Shortly before Christmas 2012, the Center for Investigative Reporting released data revealing, "Long wait times are contributing to tens of thousands of veterans being approved for disability benefits and pensions only after it is too late for the money to help them." To be specific, 19,550 veterans died last year waiting for benefits to which they were entitled. The Veterans Administration then paid $437 million to the survivors of these dead patriots.
It's not just that the money came too late for the veteran to live on -- some relatives argue -- the denial of benefits could have precipitated an untimely demise as those who served their country were unable to access accommodations and treatments that would have prolonged their lives.
Charleston, South Carolina's Homeless Justice Project (HJP) brochure states, "Before the project began, adequate legal services for people who are homeless were not readily available to the Charleston area." And more than half their clients -- everyone of whom is homeless -- is a United States Veteran.
Legal services for the economically disadvantaged are offered with varying degrees of success all across the nation. But the Homeless Justice Project offered at Crisis Ministries is unique because it has an on staff full-time attorney dedicated to assuring that -- among other things -- the none of their veterans die waiting for the benefits they've got coming to them.
The Department of Housing and Urban Development's point in time survey for 2012 put the number of homeless veterans on the street on one night in January at 62,619. That is the number of veterans willing to be counted on that particular night. Remembering that each of these vets began his or her military career learning to hide from their enemy, one can only imagine what percentage of homeless vets actually hung out in unfriendly environs waiting to be counted.
Even a person with no idea of the lengths a homeless justice project must go to in order to get a vagabond his or her earned government compensation, one realizes that it takes an awful lot of lawyer time to represent the low ball number of 62,000 veterans. No wonder nearly 20,000 -- homeless or otherwise -- died waiting. In Charleston alone, 60 homeless veterans are receiving legal assistance at any given time.
Books are written about the lawyers who dedicate pro-bono time to helping the indigent. One such book put out by the American Bar Association -- Lawyers Working to End Homelessness -- is a collection of stories about the good work being done. But none of the stories tells a tale like the one going on in Charleston.
Less than a decade ago, Abby Saunders and the Charleston Bar Association worked with dozens of volunteer lawyers to help the poor. In the course of their work with the local shelter, Crisis Ministries, they came in contact with Jeff Yungman. Yungman was a social worker toiling daily to help people regain the dignity that comes with having a home - whether or not a new home was on the horizon. Yungman realized that many of the folks he came in contact with were homeless because they hadn't gotten what was justly theirs. Saunders, a local attorney, knew that lawyers could more easily navigate the system on their behalf. The job helping the poor get justice in Charleston was exactly what it was in every other community -- with or without a shelter -- enormous. In a perfect world, the organization would have a full time attorney. But no lawyer in town was available to pitch their practice and go to work in a homeless shelter. So at 50, Yungman -- the social worker -- went to law school.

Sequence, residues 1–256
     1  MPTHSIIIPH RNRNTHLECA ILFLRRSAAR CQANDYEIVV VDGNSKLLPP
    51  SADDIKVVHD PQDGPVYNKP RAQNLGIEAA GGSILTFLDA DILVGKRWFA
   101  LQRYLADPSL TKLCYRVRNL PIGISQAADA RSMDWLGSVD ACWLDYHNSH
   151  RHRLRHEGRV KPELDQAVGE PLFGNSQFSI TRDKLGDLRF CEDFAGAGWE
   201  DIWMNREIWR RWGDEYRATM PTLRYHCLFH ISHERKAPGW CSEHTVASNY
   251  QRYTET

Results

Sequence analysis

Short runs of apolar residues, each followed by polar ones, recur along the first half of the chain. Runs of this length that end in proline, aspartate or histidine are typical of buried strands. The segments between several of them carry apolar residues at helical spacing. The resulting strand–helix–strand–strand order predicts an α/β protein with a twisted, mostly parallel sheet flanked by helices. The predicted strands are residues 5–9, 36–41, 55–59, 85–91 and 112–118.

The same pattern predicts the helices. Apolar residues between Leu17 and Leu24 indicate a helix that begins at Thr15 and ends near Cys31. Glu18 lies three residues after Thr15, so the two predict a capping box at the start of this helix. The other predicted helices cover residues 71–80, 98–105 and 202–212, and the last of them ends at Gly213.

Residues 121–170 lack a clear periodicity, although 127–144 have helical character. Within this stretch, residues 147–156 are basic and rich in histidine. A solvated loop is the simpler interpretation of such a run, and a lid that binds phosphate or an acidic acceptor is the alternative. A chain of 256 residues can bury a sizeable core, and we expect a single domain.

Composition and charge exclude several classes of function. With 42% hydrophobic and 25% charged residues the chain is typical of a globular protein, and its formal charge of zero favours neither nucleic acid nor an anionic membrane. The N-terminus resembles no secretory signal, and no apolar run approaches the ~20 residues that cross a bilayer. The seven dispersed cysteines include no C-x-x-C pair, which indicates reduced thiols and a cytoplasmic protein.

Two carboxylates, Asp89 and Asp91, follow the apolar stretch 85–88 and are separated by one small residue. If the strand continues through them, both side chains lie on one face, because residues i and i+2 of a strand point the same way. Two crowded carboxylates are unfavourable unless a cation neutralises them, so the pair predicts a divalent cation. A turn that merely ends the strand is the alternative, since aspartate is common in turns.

If Kurt Vonnegut had even been in touch with his inner John Wayne, he'd have been Jeff Yungman. All Vonnegut in his love of social justice and keen understanding of human nature, Yungman is legendary Wayne in his inability to see obstacles or fear outcomes. While it's the Vonnegut side that greets his clients, it's his Wayne side that keeps charging the next hill. Not yet 60, Yungman's accomplished a lot since he passed the bar. Drug court, homeless court and vet court are now working to streamline the justice system for folks whose biggest crimes are largely circumstances beyond their control. Saunders says that Yungman's helped keep a lot of vets out of jail that would have gone to jail otherwise. Saving the vet, but saving the taxpayers as well. An inspiration to any grown up considering going back to school, Saunders says that a lot of vets have gone to law school because of Yungman as well.
Continue picturing the unflappable Duke and you'll know that the list of Yungman's accomplishments are too numerous to mention. But possibly the greatest gift he's given his clients -- aside from keeping them from being among the statistic of vets who die waiting - is that he sees the homeless where they live. Saunders, keenly understanding the humiliation felt by the homeless and sitting at the Crisis Ministries conference table where Yungman practices law, asked, "Do you want to walk through that door," referencing downtown lawyers' offices, "after you've spent the night here?"
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